That's the gist of Jason Leopold's extraordinary article this afternoon for Vice, which in turn cites this report by a CIA Accountability Review Board. (The latter document, as I can now see thumbing through it, says the Board was "directed to limit its investigation only to the conduct of Agency officers, [sic] not to investigate the conduct of SSCI staff members.")
From Leopold's piece:
There is a new twist in the long-running soap opera — and potential constitutional crisis — between the CIA and Senate. Contrary to accusations leveled by the Senate, a 38-page report has found that the CIA did not breach the computers of Senate Intelligence Committee staffers and spy on them while they were investigating the CIA's torture program.
The report was released today by the CIA. And is based on a review conducted by a CIA accountability board.
More coverage from the Washington Post can be found here:
An internal CIA review concluded that agency employees committed no wrongdoing when they surreptitiously searched a computer system used by Senate investigators in a multiyear probe of the agency’s brutal interrogations of terrorism suspects.
The CIA panel found that “no disciplinary actions are warranted” for agency lawyers and computer experts who were involved in the incident, which led to an extraordinary public rupture between the CIA and the Senate Intelligence Committee last year.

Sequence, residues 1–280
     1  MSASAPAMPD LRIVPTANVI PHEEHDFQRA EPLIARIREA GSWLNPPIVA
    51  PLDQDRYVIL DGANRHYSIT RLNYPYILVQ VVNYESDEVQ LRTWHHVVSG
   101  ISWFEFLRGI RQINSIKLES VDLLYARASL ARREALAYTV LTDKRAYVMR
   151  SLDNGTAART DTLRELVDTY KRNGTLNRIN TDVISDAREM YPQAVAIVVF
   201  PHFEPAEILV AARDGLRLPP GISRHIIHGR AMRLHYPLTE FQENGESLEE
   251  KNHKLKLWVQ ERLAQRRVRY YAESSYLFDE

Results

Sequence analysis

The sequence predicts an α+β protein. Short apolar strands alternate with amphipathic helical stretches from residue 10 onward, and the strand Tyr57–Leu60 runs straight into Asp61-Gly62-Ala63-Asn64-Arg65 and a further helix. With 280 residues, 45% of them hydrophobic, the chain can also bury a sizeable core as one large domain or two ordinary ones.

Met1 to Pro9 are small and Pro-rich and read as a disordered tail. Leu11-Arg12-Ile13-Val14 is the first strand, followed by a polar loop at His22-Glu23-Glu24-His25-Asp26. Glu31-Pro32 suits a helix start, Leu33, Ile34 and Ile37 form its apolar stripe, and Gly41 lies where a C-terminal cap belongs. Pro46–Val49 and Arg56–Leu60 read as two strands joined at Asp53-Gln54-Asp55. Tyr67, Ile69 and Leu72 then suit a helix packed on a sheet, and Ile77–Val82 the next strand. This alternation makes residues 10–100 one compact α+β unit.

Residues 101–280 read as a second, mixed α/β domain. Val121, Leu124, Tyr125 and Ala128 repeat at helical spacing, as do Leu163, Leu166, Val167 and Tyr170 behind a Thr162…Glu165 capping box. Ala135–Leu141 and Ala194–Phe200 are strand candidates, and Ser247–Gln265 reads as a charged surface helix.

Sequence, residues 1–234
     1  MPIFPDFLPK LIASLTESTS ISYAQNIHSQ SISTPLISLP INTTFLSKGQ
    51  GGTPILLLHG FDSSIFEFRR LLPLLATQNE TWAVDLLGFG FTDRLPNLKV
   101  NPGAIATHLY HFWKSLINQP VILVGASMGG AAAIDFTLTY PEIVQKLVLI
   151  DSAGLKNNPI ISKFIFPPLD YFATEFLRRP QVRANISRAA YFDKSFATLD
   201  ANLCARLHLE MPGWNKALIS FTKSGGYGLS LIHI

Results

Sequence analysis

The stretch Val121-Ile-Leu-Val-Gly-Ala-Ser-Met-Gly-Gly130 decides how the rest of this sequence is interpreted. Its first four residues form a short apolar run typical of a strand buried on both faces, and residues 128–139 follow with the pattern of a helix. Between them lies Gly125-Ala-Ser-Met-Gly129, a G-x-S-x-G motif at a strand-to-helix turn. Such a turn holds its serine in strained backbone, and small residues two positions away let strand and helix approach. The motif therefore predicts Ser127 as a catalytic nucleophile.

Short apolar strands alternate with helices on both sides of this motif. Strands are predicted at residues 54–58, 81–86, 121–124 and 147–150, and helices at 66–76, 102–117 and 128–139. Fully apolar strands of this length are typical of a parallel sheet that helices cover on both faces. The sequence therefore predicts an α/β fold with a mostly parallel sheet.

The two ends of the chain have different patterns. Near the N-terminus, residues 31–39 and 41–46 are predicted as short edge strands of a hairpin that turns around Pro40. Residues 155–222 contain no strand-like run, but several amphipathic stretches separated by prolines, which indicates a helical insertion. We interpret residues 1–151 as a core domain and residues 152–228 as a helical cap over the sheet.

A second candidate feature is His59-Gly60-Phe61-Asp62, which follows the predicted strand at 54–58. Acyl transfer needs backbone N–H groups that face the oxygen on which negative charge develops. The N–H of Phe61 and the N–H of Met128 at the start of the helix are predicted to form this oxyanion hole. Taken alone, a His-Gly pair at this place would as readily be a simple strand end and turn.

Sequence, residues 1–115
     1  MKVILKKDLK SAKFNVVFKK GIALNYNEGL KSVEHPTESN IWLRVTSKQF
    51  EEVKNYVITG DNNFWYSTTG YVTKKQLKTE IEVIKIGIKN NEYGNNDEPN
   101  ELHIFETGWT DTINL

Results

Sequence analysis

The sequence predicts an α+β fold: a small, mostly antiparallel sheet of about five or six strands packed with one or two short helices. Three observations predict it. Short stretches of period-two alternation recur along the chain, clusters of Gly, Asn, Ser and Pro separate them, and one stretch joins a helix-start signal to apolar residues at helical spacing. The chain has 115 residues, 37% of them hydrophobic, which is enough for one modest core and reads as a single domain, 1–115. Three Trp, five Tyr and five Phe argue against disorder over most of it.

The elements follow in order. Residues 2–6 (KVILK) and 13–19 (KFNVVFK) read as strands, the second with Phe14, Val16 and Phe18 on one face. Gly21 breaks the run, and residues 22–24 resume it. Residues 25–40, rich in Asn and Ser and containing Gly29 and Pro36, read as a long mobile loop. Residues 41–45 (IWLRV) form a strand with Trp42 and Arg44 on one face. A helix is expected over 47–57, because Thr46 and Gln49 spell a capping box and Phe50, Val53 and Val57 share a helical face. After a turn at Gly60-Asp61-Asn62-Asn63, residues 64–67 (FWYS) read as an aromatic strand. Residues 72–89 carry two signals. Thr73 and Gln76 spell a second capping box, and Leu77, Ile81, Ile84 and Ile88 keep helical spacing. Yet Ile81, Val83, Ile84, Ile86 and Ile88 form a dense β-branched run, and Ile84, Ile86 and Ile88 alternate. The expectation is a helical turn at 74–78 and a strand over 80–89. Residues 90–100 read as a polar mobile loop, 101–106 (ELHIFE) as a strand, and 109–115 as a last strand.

The search of the Senate computers by CIA employees was “reasonable in light of their responsibilities to manage an unprecedented computer system” the agency had set up at a secret facility in northern Virginia exclusively for the Senate probe.
Update: Readers may note that I tweaked both our own little headline above, and the post's text. After reading through both Leopold's article and the Accountability Review Board's (ARB) report, I don't think that, as Leopold suggested, the CIA documents contain any formal findings of theft by Senate staff. (The Post's piece, you'll notice, does not suggest as much.)
The headline to Leopold's piece says SSCI staff "stole" documents; the article's body adds color to that claim, stating that "the accountability board's review did find ... [that staff] stole documents from the CIA and violated an agreement it entered into with the agency over the use of a classified computer network" (emphasis mine).
It of course is true that, in reviewing the performance of CIA personnel, the ARB describes some security infractions on the part of Senate staff---including staffers' having electronically accessed some CIA documents that the Agency deemed privileged, among other things. But there's some nuance to go along with that, too. As I noted above, the Board was careful to stress the limited scope of its inquiry, and in particular that it did not "investigate the conduct of SSCI staff members"---something in tension with an outright accusation of stealing.